Checklist for Closing Your Business: 20 Things You Need to Do

Make sure you still follow orderly procedures even if you are forced to abruptly close your business due to the COVID-19 pandemic.

By , J.D. · USC Gould School of Law

In ordinary times, it can take months to wind up a business properly. Ideally, you want to create and follow a closing plan that offers the most protection possible to your personal assets, your credit, and your reputation in the community—and to those of your spouse, cosigners, and lenders. However, these are not ordinary times. Due to the unprecedented economic disruption caused by the coronavirus (COVID-19) pandemic, many businesses may have to close permanently in a hurry. Even so, it's never wise to simply close down and let the pieces fall where they may. If you do this you could end up haunted by unnecessary headaches, lawsuits, and debts for years.

Although your shut-down period may be short, you should still try to give your creditors and customers clear notice of your business's closure. Here's what you need to do. Many of the items below link to another article for more information on the subject.

  1. Collect outstanding accounts receivable (before you notify customers you're going out of business). This may be difficult due to the economic dislocation caused by the coronavirus pandemic, but attempt to collect as much as possible.
  2. Sell off inventory. If possible, consider a "going out of business" sale. Alternatively, you could donate your inventory to charity--for example, a restaurant could donate food to a food bank. Such donations are deductible. If your business is a C corporation, the corporation takes the deduction. Otherwise, it is a personal deduction the business owners' take on their personal returns. For more information on claiming a personal deduction, see New Rules for Charitable Contribution Deductions Under the CARES Act.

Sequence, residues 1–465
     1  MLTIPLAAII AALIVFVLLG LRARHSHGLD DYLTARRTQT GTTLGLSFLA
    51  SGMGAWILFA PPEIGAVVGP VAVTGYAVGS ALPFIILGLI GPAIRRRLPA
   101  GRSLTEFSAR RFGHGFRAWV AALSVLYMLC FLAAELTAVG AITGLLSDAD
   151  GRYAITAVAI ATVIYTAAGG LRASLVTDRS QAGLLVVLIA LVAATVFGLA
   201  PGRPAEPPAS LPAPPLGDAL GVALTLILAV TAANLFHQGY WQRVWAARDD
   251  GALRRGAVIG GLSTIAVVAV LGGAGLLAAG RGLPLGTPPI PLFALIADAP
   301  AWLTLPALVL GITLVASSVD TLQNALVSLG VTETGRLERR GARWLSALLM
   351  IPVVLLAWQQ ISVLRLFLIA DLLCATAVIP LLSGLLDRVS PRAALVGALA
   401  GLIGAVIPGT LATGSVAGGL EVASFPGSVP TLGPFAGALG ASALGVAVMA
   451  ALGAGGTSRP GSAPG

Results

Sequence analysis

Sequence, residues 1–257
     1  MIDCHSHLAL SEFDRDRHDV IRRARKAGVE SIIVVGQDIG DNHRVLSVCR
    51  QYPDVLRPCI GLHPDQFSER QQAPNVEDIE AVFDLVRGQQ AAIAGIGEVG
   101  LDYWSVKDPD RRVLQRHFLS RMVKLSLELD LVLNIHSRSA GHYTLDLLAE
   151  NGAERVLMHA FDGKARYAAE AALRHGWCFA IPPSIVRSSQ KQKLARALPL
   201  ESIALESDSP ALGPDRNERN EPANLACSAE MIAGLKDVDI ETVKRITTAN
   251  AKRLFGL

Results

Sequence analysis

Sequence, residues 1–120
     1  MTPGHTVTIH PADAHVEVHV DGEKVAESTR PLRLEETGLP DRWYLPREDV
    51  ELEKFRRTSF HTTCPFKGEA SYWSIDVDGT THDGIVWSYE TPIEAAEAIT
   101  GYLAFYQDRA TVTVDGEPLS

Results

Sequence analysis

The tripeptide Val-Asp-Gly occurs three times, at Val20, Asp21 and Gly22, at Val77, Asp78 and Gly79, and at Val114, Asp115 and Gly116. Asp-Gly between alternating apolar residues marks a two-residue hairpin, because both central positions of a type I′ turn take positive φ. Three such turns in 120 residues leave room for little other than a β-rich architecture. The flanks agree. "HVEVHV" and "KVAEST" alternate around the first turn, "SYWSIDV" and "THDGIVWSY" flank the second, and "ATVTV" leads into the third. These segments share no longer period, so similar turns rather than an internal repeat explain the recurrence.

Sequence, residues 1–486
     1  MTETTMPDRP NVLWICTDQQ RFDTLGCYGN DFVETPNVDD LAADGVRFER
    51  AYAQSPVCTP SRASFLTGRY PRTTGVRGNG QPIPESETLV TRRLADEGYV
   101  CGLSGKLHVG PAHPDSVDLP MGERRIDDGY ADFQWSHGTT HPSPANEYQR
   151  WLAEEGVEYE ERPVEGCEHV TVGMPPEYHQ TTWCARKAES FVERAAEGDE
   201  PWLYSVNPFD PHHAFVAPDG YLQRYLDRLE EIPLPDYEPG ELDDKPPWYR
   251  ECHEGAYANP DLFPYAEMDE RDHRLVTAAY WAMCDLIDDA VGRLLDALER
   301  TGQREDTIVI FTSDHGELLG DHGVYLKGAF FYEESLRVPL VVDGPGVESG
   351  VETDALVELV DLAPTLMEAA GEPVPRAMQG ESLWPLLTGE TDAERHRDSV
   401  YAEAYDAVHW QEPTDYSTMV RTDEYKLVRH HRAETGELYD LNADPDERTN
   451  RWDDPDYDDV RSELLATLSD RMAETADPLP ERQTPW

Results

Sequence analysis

3. Notify your creditors (suppliers, lenders, service providers, and utilities). Doing this the right way limits the amount of time a creditor can ask for a debt.
  4. Notify your customers and deal with any remaining contractual obligations. Remember to return any deposits or payments for goods not delivered or services not rendered.
  5. Terminate your commercial lease. Give your landlord the required notice stated in your lease -- at least 30 days. Due to the pandemic, some landlords may agree to defer your final lease payment.
  6. Notify and pay your employees. Give employees some notice if possible. If you need an employee to help wind up the business, offer the employee a small bonus to stay until the very end. Plan to pay employees their last paychecks on their last day, with the value of accrued, unused vacation days if your state requires it. Note that, if you obtained a coronavirus-related paycheck protection program loan, you may have to pay it all back if you lay off your employees during the eight-week period after obtaining the loan. See the SBA guide to the Paycheck Protection Program.
  7. Liquidate your business assets in an orderly fashion.
  8. Settle or pay your debts to the extent possible, prioritized to protect your personal liability -- money owed to your landlord, bank, suppliers, utilities, and service providers. Due to the coronavirus pandemic, some creditors may accept less than the full amount owed in return for prompt payment. Ask for letters indicating that your bills are paid in full as you pay off each creditor.